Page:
The Business of Music group discussed sustainable touring strategies, ideas for partnerships concerning public and private funding, and aligning with brands, causes, or corporate entities. The BOM group also delved into how to create a professional pipeline for publicists, managers, promoters, light technicians, and sound engineers, as well as how to facilitate more cross-border musical trade opportunities.

The Art of Music group dug into topics concerning musicians’ continued artistic development. Topics included balancing art with social and political agendas, openness to critical feedback, and sustainable artistic collaborations. They also discussed the importance of forming a skills collective, a social platform for sharing skills, contributing to others’ needs, and focusing on craft.

The final group, The Community of Music, delved into four main topics: acknowledging and respecting the pre-Western heritage of venues like Red Rocks; creating inclusivity; supporting mental health, addition recovery, and safe-space protocol at venues for touring musicians; and audience development.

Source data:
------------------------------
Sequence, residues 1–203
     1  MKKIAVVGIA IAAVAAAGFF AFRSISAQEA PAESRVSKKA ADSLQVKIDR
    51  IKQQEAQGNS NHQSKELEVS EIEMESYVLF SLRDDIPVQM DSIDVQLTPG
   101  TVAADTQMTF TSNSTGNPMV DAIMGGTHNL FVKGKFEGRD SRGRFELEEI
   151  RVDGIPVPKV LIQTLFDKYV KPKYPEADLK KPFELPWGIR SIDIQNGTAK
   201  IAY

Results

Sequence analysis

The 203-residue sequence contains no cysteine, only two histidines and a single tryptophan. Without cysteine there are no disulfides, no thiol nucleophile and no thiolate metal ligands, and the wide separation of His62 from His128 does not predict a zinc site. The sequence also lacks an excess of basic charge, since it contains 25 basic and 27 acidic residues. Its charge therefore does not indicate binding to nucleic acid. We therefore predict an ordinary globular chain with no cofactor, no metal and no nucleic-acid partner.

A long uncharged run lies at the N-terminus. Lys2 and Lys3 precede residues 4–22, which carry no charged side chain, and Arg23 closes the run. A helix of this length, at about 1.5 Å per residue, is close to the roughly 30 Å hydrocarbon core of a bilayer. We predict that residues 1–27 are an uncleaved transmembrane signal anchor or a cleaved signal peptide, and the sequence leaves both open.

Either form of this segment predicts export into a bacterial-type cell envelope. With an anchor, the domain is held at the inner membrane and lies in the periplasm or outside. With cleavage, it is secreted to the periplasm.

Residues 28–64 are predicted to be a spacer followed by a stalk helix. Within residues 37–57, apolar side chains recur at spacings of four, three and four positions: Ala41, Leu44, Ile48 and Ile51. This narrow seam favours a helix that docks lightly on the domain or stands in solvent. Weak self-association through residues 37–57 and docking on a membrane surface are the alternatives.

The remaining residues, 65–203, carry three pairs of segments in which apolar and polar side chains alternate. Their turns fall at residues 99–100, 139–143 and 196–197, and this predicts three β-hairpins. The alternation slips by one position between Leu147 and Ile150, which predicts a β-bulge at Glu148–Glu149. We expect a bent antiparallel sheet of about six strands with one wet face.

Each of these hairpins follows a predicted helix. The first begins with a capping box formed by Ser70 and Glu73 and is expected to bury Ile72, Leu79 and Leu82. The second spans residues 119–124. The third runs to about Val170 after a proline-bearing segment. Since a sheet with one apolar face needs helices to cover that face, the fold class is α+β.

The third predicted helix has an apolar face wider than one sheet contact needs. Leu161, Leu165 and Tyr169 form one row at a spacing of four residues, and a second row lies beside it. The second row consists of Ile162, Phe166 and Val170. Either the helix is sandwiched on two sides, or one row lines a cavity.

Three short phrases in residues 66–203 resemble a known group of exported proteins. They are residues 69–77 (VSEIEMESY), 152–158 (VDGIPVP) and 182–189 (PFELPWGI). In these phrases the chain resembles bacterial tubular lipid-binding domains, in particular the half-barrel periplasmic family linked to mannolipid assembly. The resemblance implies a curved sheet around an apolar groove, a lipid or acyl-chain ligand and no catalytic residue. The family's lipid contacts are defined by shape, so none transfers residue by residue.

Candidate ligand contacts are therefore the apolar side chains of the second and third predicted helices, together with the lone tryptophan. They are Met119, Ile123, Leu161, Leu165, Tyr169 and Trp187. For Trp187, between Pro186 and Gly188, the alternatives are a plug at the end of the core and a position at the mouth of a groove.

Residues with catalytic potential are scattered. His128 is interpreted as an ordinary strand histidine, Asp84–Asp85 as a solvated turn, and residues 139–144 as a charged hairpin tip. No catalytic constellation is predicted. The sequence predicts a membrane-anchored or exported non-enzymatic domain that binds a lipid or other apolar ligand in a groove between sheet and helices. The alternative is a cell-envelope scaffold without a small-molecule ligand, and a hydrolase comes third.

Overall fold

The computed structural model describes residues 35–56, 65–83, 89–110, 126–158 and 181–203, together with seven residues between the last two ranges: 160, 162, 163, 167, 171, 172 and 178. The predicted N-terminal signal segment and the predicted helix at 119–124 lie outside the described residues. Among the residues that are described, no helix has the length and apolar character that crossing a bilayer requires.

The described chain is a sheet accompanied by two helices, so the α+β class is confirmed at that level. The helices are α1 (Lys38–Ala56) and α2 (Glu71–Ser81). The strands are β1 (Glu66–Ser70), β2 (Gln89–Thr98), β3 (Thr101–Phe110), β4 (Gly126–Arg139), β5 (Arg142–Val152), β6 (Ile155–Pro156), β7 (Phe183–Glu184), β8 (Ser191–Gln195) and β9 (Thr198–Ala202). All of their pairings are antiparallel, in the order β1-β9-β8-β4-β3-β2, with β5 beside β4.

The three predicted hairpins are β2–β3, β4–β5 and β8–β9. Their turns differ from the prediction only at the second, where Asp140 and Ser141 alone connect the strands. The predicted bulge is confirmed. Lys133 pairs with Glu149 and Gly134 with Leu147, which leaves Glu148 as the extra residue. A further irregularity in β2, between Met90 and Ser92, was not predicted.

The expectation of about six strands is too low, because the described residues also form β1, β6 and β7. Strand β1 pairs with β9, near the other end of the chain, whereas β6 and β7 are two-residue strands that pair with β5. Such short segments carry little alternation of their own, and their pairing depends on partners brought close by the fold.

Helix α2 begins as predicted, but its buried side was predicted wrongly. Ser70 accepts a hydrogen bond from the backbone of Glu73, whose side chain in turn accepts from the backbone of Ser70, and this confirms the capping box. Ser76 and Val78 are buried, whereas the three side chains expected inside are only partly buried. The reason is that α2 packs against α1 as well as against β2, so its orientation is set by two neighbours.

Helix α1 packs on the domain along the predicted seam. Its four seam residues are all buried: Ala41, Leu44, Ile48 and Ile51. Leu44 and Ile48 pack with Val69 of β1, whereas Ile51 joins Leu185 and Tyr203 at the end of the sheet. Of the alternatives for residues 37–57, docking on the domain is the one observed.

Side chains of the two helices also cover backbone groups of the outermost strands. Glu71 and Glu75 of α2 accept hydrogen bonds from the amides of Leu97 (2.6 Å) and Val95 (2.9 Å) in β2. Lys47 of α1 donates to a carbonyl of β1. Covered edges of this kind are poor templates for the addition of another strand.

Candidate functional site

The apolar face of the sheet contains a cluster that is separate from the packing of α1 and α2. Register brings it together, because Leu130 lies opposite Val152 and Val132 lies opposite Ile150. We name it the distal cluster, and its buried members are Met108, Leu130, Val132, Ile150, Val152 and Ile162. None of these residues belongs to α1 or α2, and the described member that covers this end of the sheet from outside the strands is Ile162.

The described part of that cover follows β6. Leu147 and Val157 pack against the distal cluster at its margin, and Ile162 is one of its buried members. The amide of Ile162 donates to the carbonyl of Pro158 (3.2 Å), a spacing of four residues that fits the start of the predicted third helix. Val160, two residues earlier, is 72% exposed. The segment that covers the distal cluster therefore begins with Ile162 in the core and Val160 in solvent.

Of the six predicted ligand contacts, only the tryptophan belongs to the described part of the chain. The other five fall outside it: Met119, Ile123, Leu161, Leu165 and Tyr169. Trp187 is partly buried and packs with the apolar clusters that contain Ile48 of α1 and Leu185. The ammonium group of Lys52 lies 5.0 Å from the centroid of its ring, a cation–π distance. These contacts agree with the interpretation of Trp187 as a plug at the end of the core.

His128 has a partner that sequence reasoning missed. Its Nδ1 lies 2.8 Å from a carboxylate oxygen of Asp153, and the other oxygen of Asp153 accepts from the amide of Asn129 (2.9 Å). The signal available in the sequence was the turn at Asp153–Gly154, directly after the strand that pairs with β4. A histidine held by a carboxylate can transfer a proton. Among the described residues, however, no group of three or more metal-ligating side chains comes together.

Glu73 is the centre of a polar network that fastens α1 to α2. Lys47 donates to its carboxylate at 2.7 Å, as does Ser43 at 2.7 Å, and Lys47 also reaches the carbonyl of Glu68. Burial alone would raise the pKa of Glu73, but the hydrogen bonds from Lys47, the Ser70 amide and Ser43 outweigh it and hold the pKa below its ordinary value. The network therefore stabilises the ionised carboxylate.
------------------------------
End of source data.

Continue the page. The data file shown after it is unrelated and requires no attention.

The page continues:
This near-final event of Canadarado where we were able to learn from others and experience music advocacy brought enriching and constructive results. Gathering and collaborating at the Music District was an excellent way to punctuate the weekend, but not as a full-stop or even an exclamation point. It was more like an ellipsis to the next time when we get together. Perhaps wheels will continue to turn and churn out actual opportunities to make a difference in the music world, whether it is in the business, the art, or the community of music. 




November 11th, 2017

Our weekend drew to a close with amazing performances by Ponteix, Brent Cowles, QBALA, Yes We Mystic, Little Destroyer, and nêhiyawak. Everyone involved in the production of Canadarado was left with a renewed spirit to continue this important musical trade mission by creating, collaborating, and capitalizing on initiatives to improve and expand Colorado's musical ecosystem.

Photos above are by Veronica Lee of



We would like to extend a special thanks to Ali Cornish, Denver Beer Company, Kim BaMiguel Hernandez and Mental Lounge Video, Monte Mead, and Nomad Sound for providing their talents and services for the benefit of the Canadarado Musical Trade Mission.